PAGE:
Ferguson (United States) (AFP) - The top US law enforcement official will visit Wednesday the Missouri town where a white policeman killed a black teen, sparking days of often violent protests and nationwide debate on how officers treat minorities.
Attorney General Eric Holder, who is himself black, will oversee the federal response to the August 9 killing of 18-year-old Michael Brown in Ferguson, a day after the latest protest proceeded largely peacefully but ultimately degenerated as tension rose and police made 47 arrests.
Holder is to visit the St. Louis suburb amid an ongoing federal investigation into possible civil rights violations in Brown's shooting death.
Also Wednesday a grand jury will begin hearing witnesses to Brown's killing, with widespread calls for the police officer, Darren Wilson, to be put on trial for murder.
Brown's remains are undergoing three separate autopsies -- by local authorities, the family and Holder's Justice Department.
In an oped column in the St Louis Post-Dispatch newspaper Wednesday, Holder pledged what he called a full, fair and independent investigation.
"And beyond the investigation itself, we will work with the police, civil rights leaders and members of the public to ensure that this tragedy can give rise to new understanding — and robust action — aimed at bridging persistent gaps between law enforcement officials and the communities we serve," he wrote.
- Guns seized, urine thrown -
In Tuesday's protest three guns were seized and protesters threw glass and plastic bottles of water and urine at police towards the end of the demo, prompting officers to intervene and make the arrests, said Captain Ron Johnson of the Missouri Highway Patrol.
Johnson stressed that unlike a violent protest Monday night, this time protesters did not fire guns at police and officers refrained from using tear gas to break up the rally.
"Tonight we saw a different dynamic," he said.
He attributed this to a concerted effort by community leaders, activists and clergy to keep the rally peaceful and prevent it from being taken over by what he described as violent "agitators".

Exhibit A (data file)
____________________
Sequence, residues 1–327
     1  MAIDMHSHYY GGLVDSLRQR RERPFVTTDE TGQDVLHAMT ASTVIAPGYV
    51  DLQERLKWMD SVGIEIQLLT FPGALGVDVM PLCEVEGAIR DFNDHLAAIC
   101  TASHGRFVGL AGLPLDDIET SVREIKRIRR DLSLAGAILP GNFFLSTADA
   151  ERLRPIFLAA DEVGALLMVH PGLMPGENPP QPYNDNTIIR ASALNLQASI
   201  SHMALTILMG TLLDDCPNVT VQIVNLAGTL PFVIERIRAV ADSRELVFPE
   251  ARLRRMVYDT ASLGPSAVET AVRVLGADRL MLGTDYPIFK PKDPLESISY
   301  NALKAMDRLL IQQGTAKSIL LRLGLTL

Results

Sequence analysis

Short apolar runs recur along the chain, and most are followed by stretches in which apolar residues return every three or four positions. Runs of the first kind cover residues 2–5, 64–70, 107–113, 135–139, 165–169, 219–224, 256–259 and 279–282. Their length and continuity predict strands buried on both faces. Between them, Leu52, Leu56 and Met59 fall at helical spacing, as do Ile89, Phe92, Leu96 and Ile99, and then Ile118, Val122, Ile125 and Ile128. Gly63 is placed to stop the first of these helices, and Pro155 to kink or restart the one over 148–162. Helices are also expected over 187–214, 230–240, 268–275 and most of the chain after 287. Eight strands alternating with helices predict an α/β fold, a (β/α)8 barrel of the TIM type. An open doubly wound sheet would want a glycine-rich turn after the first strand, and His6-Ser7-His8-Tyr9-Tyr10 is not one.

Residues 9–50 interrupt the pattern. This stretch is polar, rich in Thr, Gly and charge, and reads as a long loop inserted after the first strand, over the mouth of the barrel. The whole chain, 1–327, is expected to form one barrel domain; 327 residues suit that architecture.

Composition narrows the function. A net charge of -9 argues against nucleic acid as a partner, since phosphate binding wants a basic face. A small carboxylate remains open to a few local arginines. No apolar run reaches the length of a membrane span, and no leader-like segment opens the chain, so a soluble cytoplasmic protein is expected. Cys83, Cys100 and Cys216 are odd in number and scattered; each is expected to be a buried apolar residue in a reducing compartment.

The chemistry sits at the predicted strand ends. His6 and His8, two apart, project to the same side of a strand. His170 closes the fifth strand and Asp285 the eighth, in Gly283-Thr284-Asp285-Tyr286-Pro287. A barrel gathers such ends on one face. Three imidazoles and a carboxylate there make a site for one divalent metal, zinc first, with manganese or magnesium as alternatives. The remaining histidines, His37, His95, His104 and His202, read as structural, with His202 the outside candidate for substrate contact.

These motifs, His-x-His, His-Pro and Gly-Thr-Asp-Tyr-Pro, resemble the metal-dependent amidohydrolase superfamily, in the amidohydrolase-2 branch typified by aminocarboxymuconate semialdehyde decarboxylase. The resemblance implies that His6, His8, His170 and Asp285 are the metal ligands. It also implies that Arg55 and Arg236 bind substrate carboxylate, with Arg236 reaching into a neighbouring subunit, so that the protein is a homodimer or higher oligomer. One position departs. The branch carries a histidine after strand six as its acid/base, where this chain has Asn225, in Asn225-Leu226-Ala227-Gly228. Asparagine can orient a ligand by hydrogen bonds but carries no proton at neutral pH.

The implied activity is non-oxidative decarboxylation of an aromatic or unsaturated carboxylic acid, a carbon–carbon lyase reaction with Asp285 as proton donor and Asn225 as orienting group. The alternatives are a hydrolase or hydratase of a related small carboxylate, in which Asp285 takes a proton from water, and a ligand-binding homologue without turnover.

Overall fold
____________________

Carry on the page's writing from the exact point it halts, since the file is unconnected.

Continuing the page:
Fears that the fatal police shooting of a knife-wielding black man in St. Louis itself on Tuesday might renew tensions failed to materialize, after successive nights of clashes with police in Ferguson.
"Hands up, don't shoot!" protesters chanted, holding their hands in the air in what has become the signature slogan of Ferguson's frustration with its overwhelmingly white police department.
Meanwhile Brown's family was preparing for his funeral, which their lawyer said would take place on Monday.
In contrast to previous nights, rather than firing tear gas head-on into the crowd, police with riot shields and armored vehicles kept a lower profile.
They finally intervened around midnight, pushing the remaining crowd towards a newly designated public assembly area in a former car dealership.
Mingling with citizens at the outset of the march, Johnson -- who is charged with restoring order in this mainly black town of 21,000 -- denounced what he called "criminal elements" who, after dark on Sunday and Monday, had ignored police orders to disperse.
"Cowards hide in the dark, and it's time for that to stop," he told reporters.
Earlier Tuesday, in St. Louis a few miles (kilometers) away, officers shot dead an agitated man who yelled "kill me now" as he rushed at them with a knife during an apparent convenience store robbery.
St. Louis Metropolitan Police Captain Ed Kuntz told reporters at the scene that an investigation had been launched, but, based on what he had heard, "it seems reasonable to say it was justifiable."
- Brown family seeks murder charge -
Police have identified the white police officer who shot Brown in broad daylight on a residential street as Darren Wilson, 28, in the force for six years.
Brown's family wants Wilson -- who reportedly has been granted leave from his duties -- charged with murder for "executing" their son.
Police contend that Brown was rushing at the officer, but other witnesses say the teenager -- who was about to start vocational college -- had his hands up, ready to surrender.
Brown was fatally shot less than half an hour after the theft of a box of cigars from a liquor store. Police named Brown on Friday as the suspect in that case, taking local anger to a new level.
A forensic pathologist retained by Brown's family said that the teen was shot at least six times -- twice in the head.
US National Guard troops have been deployed to Ferguson to help control the unrest, amid criticism of the distrusted local force's handling of the protests, with even President Barack Obama saying there was no excuse for local police to use "excessive force."
But their role so far has been limited to guarding a command post in a shopping center away from the nightly protests.